Is this Iron Man 3, or a Ted spoof?
The principal actors of Marvel’s The Avengers played it smart last weekend when Iron Man 3 made its arrival to theaters in the US. They waited until the film had debuted with the second-highest opening of all-time behind, coincidentally enough, The Avengers opening the same weekend a year prior, before making with the salary grievances. But don’t take the rumble in Hollywood as a superhero mutiny or stop gap, more like a prologue to further negotiations. Taking a page from David Mamet’s Glengarry Glen Ross, Disney and Marvel would be smart to know their ABCs and Always Be Closing.
With Iron Man 3 nearing a cool billion worldwide, and the anticipated superhero adventure tales featuring Avengers’ Thor (Thor: The Dark World) and Captain America (Captain America: The Winter Soldier) expected to better their previous outings (Thor and Captain America: The First Avenger), the money will continue to increase for Disney making it that much more important that the stars of its biggest franchise are happy. Writer/director Joss Whedon is cool at playing off the early salary talks. The actors, while they may say they don’t want to be in the limelight and be the topic of articles and stories that run in Entertainment Weekly or some other star rag, or appear on Entertainment Tonight, they all know how important the franchise is for them careerwise. Mark Ruffalo, though mostly disguised by CGI when hulks up, is again relevant to most audiences, even though he’s been steadily acting alongside the likes of Leonardo DiCaprio (Shutter Island) and a pair of Oscar-nominated actresses (Annette Bening and Julianne Moore in The Kids Are Alright). Chris Evans is allowed to experiment in upcoming films like Snowpiercer and A Many Splintered Thing, and Chris Hemsworth will test his leading man status when he headlines Ron Howard’s racing drama Rush this fall.
As far as numbers go, domestically Iron Man 3 is resting comfortably with $284 million after two weekends. If it has healthy drops in the coming weeks with increased competition in terms of similar audiences (see: Star Trek Into Darkness) it has a shot of vaulting over the US totals of Spider-Man 3 and possibly the first Spider-Man if it can get to the $400 million mark. Nevertheless, since becoming an asset of Disney, the Marvel Studios releases have outperformed franchises X-Men and Spider-Man, which continue to see their returns drop.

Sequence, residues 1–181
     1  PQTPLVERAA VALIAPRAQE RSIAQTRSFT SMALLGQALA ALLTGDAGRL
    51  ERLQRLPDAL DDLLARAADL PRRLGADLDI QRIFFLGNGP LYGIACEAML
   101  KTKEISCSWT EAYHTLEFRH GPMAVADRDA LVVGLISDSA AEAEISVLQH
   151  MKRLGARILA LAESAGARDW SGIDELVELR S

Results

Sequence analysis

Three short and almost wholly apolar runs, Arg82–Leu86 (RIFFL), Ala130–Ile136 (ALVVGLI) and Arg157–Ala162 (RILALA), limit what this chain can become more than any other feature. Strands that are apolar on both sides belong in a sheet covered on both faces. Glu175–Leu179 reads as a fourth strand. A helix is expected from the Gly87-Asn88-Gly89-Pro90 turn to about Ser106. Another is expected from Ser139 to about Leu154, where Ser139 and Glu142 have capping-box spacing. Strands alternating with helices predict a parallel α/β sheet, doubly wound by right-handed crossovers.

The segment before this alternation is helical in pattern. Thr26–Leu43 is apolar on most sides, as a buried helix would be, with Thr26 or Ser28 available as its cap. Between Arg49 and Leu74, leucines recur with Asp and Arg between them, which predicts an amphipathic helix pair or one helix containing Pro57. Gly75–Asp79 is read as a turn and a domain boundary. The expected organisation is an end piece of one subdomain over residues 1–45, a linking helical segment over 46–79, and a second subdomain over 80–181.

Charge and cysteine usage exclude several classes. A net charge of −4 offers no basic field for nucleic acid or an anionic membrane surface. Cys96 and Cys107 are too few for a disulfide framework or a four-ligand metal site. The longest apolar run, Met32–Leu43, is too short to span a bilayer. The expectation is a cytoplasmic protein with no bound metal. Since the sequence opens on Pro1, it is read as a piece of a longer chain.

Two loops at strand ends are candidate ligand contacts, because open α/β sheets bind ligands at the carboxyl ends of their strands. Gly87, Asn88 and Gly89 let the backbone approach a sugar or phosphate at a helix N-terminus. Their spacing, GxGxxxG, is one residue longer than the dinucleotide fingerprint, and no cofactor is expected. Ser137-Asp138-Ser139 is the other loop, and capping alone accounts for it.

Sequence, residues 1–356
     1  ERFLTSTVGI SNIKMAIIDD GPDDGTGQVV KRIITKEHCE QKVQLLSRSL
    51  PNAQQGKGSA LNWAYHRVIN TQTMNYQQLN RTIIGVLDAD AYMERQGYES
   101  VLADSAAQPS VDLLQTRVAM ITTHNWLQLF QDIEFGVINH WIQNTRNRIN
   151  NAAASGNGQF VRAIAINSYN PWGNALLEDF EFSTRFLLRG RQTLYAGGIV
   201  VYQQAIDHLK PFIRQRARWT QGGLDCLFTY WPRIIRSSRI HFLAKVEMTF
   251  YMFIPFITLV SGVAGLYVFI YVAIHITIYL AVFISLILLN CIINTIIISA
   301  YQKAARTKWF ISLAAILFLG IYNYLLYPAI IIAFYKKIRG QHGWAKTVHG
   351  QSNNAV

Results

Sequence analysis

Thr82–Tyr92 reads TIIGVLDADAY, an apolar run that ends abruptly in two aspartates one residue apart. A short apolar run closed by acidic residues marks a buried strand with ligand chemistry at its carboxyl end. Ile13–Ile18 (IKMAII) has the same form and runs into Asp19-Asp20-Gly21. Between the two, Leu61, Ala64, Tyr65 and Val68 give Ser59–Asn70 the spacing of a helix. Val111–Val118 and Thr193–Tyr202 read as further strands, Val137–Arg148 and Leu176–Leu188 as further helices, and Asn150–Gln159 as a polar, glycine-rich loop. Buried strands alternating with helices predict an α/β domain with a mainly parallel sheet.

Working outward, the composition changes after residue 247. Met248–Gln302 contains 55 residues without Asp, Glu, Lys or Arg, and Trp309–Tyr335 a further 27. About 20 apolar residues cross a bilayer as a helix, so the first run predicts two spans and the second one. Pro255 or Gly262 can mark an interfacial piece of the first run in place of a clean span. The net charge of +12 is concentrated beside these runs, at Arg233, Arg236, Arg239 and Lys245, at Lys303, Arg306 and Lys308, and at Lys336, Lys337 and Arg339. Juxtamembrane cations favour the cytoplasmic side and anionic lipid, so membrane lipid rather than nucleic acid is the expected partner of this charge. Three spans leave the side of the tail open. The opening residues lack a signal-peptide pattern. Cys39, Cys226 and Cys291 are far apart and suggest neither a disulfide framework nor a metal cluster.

The fallout of Iron Man 3‘s success means that Shane Black is going to be a hot commodity. Already, he inked a deal with Sony Pictures to develop his dream project of bringing famed pulp fiction icon Doc Savage to the silver screen. And while Robert Downey Jr. is almost assured a huge payday for any future installments where he goes by the name of Tony Stark or Iron Man, he’ll be taking it easy in between paychecks with a lot of zeros behind a number ranging from 5 to 9 doing the films The Judge and Chef, where he’ll be collaborating once again with his original Iron Man 1 & 2 director Jon Favreau.
Go ahead and drink up.
With Iron Man 3‘s repeat all but assured for this weekend, it’s surprising that The Great Gatsby had as good an opening that it did. It could have easily been a failure. Delays, reshoots, a post-production conversion to 3-D and bad buzz, The Great Gatsby 3D sounded like a bad concept. Factor in a rising budget reportedly going from $150 million to $200 for a classic novel that has already had three adaptations that are far from great, plus the fact that no Baz Luhrmann has grossed more than $60 million during its theatrical run (Moulin Rouge! earned $57 million) and a flop wouldn’t have been a surprise. If you follow box office history, the second weekend of the summer blockbuster season isn’t known for success. More like turdburgers in the form of Poseidon and last year’s Dark Shadows.